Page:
In a speech on 3 February, Boris Johnson declared that Britain does not need a deal with the EU as he began trade negotiations by seeking to turn Brussels’s own demands against it. The prime minister said the UK would emerge as a “campaigner for global free trade” at the same time as warning that he would rather accept tariffs than EU law.
Last week, Human Rights Watch wrote an open letter to the Prime Minister, urging him to maintain a focus on human rights in his government’s domestic and foreign policy agenda and to ensure that mechanisms to protect people’s rights are not downgraded.
“Promoting respect for human rights and the rule of law is vital for the UK’s place in the world after Brexit,” the open letter stated.
While the UK officially left the EU at 23:00 GMT on Friday, it will remain wedded to EU rules during a transition period which ends in December this year – the PM has said it will not be extended.
Three years after the EU Brexit referendum, the issue is causing deep strain to the country’s politics and constitution in ways that put the institutions that protect human rights at risk. It is also unclear if EU law-derived human rights protections will be maintained post-Brexit, including for EU citizens resident in the UK.
As Brussels set out its own negotiating position, Mr Johnson rejected the EU position out of hand as he insisted:
“There is no need in a free trade deal to accept EU rules on competition, subsidies or environment.”
In 2016 the EU signed a trade agreement with Canada – and this deal could be a template for the UK’s future relationship with the EU, if Mr Johnson gets his way. The agreement removed 98% of tariffs on goods traded between Ottawa and the EU.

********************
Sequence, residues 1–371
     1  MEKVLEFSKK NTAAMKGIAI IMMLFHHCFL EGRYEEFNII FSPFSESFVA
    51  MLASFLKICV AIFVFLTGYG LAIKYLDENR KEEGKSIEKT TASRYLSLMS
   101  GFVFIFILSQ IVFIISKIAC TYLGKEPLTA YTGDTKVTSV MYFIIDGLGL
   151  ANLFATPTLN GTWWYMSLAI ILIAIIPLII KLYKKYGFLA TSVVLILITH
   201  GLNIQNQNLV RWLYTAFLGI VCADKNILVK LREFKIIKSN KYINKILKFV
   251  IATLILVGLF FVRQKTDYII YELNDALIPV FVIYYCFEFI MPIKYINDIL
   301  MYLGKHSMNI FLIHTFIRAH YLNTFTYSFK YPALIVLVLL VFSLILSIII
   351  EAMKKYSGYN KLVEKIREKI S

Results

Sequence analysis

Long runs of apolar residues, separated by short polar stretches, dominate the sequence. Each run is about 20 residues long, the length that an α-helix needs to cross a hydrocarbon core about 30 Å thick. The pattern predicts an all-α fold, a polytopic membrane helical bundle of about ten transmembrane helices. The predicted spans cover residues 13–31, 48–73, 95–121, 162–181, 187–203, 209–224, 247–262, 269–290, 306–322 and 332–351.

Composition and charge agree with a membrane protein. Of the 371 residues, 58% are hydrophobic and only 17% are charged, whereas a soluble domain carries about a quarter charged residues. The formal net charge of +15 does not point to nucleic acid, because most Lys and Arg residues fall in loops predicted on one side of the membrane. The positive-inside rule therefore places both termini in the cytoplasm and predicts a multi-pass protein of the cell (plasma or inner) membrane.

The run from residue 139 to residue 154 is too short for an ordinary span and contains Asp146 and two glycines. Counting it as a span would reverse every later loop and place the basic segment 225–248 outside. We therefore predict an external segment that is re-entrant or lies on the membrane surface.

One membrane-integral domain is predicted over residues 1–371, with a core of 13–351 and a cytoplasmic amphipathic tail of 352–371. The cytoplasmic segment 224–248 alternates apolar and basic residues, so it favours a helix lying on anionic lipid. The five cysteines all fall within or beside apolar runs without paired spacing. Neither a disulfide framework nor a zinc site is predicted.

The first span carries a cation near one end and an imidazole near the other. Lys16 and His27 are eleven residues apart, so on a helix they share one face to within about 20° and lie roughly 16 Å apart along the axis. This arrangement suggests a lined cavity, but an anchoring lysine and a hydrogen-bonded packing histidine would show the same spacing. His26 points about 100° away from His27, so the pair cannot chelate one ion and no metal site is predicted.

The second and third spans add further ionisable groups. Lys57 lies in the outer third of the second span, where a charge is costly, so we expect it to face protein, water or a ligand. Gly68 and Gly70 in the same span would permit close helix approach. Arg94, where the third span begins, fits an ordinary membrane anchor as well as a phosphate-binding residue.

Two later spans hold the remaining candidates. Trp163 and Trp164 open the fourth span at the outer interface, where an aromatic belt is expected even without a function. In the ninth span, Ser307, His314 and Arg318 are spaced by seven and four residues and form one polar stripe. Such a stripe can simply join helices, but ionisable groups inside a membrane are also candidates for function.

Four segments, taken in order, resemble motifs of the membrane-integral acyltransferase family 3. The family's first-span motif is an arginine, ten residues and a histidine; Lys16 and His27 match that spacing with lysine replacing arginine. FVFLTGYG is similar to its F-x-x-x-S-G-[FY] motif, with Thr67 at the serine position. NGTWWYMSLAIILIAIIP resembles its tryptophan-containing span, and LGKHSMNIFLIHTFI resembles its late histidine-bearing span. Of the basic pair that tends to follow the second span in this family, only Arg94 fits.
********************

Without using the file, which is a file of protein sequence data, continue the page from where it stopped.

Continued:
The EU has demanded that in exchange for a Canada-style free trade deal, Britain must commit to following European rules on workers’ rights, the environment and subsidies. However, when the UK leaves the EU, it also leaves the European Charter of Fundamental Rights which includes the protection of rights such as employment rights, equality and privacy, to mention a few. That could mean that human rights currently protected by the Charter get watered down in the future.
At the moment, these rights will still be maintained in UK law, but a future UK government could weaken them. For example, if the UK economy went into recession after Brexit, some people in the ruling Conservative Party have already argued it may be necessary to weaken workers’ protections, which they would characterise as “deregulation,” to make it more attractive for businesses to set up in the UK.
David Isaac, Chair of the Equality and Human Rights Commission, the UK’s own independent human rights watchdog, told the BBC:
“The government has promised there will be no rowing back on people’s rights after Brexit. If we lose the charter protections, that promise will be broken. It will cause legal confusion and there will be gaps in the law. While securing trade deals is vital for our economy, equality and human rights are also essential.”
Dominic Raab, the foreign secretary, set the confrontational tone yesterday when he said that agreeing to align with EU rules would “defeat the point of Brexit” and would not be on the table. Earlier this year, Mr Raab said the UK’s departure from the EU would allow Britain to act more decisively to tackle human rights abuses and Britain is preparing to activate a new post-Brexit sanctions regime that would be used to freeze the assets of Russian citizens and those of other countries deemed responsible for human rights abuses.
Last month, the International Observatory of Human Rights met with the Liberal Democrat MEP Irina Von Wiese to discuss the impact of Brexit on Britain’s ability to defend human rights. Watch the interview below.